"I always lie," says the liar. If he's telling the truth, then he is indeed lying. But if he's lying, then he's telling the truth.
This sentence is false. If it's true, then it is indeed false. If it's false, then it is indeed true.
P = P is false
These sentences, and others like them, seem to propose an insoluble problem for our logic and language. They appear to be both true and false, or neither. Throughout the history of logic and philosophy, many solutions have been proposed for these paradoxes (labelled together as the Liar paradox), yet their inconceivable force lingers on. Hence the question mark in the title: while I believe Michael Polanyi has sketched an interesting solution to the paradox, it contains a large assumption based on his epistemology, and thus would collapse along with his epistemological framework. But of course this is the case with any purported 'solution', and unlike some of the more radical solutions (e.g. dialetheism's acceptance of the existence of true contradictions, or fuzzy logic's non-binary approach to truth), Polanyi's is intuitively appealing, at least to me.
Before outlining his solution, it's worth considering how the paradoxical sentence is typically evaluated. At first glance, it seems to be the same as any sentence: a correspondence between the meaning of the words and the facts. 'The birds outside are chirping' is evaluated as true or false through an empirical verification of the sentence's meaning, that is, by listening to the sounds outside and verifying if the sound of chirping birds is present. Similarly, 'this sentence is six words long' is evaluated by counting the number of words in the sentence referred to. Finally, 'this sentence is false', seems to involve a similar procedure, with one big difference. We look at the sentence referred to, namely, 'this sentence is false', and use the information therein to determine its truth or falsity. But unlike the previous two examples, 'this sentence is false' cannot be verified by listening or counting, or any other empirical verification. Instead, its verification lies in the meaning of the sentence. The sentence is about its own falsity, and is closer in form to a meta-sentence such as: 'the sentence 'the birds outside are chirping' is false'. It is an assertion of truth or falsity, rather than a mere assertion. 'p is false' or 'p is true' rather than simply 'p'.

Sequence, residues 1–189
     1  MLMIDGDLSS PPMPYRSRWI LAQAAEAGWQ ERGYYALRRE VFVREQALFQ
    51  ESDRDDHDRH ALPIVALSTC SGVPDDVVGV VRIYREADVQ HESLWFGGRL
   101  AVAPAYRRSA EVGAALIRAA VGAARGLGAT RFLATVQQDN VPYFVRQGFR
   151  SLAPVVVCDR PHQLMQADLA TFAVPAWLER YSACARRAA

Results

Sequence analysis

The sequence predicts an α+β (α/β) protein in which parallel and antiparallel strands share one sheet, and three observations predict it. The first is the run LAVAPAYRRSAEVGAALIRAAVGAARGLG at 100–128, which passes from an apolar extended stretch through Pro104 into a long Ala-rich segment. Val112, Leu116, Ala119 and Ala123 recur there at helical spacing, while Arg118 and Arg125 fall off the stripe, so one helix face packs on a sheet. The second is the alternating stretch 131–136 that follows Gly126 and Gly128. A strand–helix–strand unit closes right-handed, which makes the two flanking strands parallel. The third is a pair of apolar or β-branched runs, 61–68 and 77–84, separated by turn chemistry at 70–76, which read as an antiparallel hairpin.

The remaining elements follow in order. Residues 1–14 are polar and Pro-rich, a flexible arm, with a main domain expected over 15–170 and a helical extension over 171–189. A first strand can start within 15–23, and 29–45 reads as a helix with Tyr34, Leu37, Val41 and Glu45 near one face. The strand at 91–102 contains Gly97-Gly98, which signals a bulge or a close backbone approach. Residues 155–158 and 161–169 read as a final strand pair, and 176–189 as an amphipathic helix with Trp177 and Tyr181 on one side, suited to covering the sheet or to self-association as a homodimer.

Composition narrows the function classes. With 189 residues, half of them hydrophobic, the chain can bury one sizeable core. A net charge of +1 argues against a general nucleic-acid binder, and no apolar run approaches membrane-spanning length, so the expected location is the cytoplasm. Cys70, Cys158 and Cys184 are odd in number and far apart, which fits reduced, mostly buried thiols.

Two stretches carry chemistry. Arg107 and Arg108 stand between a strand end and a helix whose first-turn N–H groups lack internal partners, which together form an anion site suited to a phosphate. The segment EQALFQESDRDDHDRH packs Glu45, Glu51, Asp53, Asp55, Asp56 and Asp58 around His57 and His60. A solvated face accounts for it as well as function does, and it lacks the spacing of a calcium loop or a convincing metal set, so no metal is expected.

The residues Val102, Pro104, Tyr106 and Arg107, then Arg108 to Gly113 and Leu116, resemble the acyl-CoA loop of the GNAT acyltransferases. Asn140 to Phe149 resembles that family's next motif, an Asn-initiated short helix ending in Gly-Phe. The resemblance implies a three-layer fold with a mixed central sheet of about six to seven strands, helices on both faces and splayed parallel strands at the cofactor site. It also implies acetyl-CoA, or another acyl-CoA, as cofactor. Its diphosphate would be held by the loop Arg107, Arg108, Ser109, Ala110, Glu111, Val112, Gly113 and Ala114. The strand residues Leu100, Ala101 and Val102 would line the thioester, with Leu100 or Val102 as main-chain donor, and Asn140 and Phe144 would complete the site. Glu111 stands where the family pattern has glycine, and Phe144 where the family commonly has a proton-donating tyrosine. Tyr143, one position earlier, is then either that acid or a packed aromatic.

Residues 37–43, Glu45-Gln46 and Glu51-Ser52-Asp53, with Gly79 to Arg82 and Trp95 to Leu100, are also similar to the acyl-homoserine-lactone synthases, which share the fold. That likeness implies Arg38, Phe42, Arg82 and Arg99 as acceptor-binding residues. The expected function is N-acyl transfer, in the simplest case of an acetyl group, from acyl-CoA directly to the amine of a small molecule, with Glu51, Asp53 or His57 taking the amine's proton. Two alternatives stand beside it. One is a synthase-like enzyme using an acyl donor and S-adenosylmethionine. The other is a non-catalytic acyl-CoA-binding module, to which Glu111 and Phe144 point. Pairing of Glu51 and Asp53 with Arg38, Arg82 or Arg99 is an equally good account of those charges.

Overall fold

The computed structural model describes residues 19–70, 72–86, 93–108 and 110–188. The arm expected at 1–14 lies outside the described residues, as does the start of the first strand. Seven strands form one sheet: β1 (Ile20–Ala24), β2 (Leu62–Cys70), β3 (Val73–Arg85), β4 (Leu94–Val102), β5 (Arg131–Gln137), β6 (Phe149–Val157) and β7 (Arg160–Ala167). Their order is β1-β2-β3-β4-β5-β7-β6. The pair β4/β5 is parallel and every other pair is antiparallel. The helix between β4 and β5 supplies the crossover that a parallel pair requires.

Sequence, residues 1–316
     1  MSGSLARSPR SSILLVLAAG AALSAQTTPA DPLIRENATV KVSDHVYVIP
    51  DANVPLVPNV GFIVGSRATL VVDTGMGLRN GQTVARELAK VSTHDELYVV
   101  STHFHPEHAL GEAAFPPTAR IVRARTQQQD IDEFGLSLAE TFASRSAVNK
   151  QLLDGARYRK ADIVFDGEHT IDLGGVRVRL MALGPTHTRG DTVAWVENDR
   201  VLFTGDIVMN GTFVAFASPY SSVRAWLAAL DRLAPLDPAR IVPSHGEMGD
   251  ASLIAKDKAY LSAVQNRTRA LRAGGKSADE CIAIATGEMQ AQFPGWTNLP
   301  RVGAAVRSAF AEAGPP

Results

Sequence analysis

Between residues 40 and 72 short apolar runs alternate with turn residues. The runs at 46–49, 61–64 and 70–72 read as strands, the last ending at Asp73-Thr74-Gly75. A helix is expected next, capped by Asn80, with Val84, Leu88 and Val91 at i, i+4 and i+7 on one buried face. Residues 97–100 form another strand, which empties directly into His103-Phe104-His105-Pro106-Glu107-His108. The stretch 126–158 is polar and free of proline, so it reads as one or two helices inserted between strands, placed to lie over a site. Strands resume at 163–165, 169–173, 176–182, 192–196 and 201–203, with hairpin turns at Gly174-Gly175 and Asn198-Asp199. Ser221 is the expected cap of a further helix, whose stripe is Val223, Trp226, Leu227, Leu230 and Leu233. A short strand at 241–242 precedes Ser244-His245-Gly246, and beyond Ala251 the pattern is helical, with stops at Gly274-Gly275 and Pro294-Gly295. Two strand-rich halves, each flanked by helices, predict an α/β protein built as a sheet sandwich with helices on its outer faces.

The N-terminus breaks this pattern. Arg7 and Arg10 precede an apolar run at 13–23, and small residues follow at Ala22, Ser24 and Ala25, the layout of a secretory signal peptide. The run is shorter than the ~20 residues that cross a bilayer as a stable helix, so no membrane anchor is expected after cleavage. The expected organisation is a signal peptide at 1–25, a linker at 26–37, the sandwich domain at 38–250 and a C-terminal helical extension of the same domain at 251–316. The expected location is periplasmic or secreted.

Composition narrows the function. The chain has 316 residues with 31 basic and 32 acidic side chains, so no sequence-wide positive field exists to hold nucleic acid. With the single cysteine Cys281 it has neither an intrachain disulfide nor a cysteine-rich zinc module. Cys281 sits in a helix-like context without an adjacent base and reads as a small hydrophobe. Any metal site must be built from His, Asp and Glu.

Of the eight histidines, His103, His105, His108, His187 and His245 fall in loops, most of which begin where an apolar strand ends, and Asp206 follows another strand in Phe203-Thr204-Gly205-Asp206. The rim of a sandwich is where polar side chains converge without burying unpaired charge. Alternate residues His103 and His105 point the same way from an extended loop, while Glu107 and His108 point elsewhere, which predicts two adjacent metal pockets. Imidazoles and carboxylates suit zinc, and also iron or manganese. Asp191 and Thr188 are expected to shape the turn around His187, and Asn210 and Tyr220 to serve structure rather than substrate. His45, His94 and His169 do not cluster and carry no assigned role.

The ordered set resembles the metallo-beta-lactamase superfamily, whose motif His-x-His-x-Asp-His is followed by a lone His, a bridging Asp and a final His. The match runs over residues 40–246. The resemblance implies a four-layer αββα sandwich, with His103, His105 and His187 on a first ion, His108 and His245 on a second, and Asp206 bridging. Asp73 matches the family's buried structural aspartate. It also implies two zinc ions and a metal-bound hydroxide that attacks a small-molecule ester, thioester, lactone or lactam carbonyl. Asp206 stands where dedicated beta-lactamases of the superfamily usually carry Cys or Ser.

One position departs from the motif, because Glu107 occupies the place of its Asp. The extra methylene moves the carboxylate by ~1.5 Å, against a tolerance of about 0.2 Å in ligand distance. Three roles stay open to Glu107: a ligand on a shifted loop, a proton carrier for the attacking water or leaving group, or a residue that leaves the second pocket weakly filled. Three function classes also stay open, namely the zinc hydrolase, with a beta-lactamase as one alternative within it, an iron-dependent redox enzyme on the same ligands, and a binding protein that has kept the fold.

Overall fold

Yet it stands to reason that if 'p' is true, then 'p is true' is true and 'p is false' is false. One would think that the truth-value of an assertion, and an assertion about that assertion, are the same. Only when p is itself a meta-assertion about its own falsity do we encounter paradox; if p is itself 'p is false'. This consideration should give us pause, as this is a highly specific kind of sentence, one not encountered in ordinary life. Could there be something meaningless about the sentence that allows us to dismiss the paradox? If we rely on the correspondence method of verifying sentences described above, then there is no room to dismiss it, as its correspondence with the truth is established through its meaning, and its meaning is inherently paradoxical.
Polanyi offers an alternative picture of sentences and their meaning. According to his epistemology as laid out in Personal Knowledge, we cannot apply the same method of establishing the truth of a sentence for assertions and meta-assertions. This is because 'p' is a sentence asserting a fact, while 'p is true' or 'p is false' are not actually sentences, but expressions of commitment. These expressions do not refer to facts; they are acts of endorsements. Polanyi claims that every sentence with a truth value contains two elements: the words conveying meaning, and the speaker's affirmation or dissent of that meaning (whether implied or explicit). So any sentence 'p' tacitly contains 'p is true' (or 'p is false' if p is said sarcastically, as a lie, etc.). The mistake we make when analyzing sentences is that we often forget about this tacit component - we exclusively analyze the first element, the meaning of the words, to see if it corresponds with the facts. This is natural, and even a helpful way of establishing truth, as we don't always want the speaker's personal commitments to impinge on our judgements. But Polanyi wants us to understand that there can be no sentence without this second, assertive element: "An unasserted sentence is no better than an unsigned cheque; just paper and ink without power or meaning" (PK 27).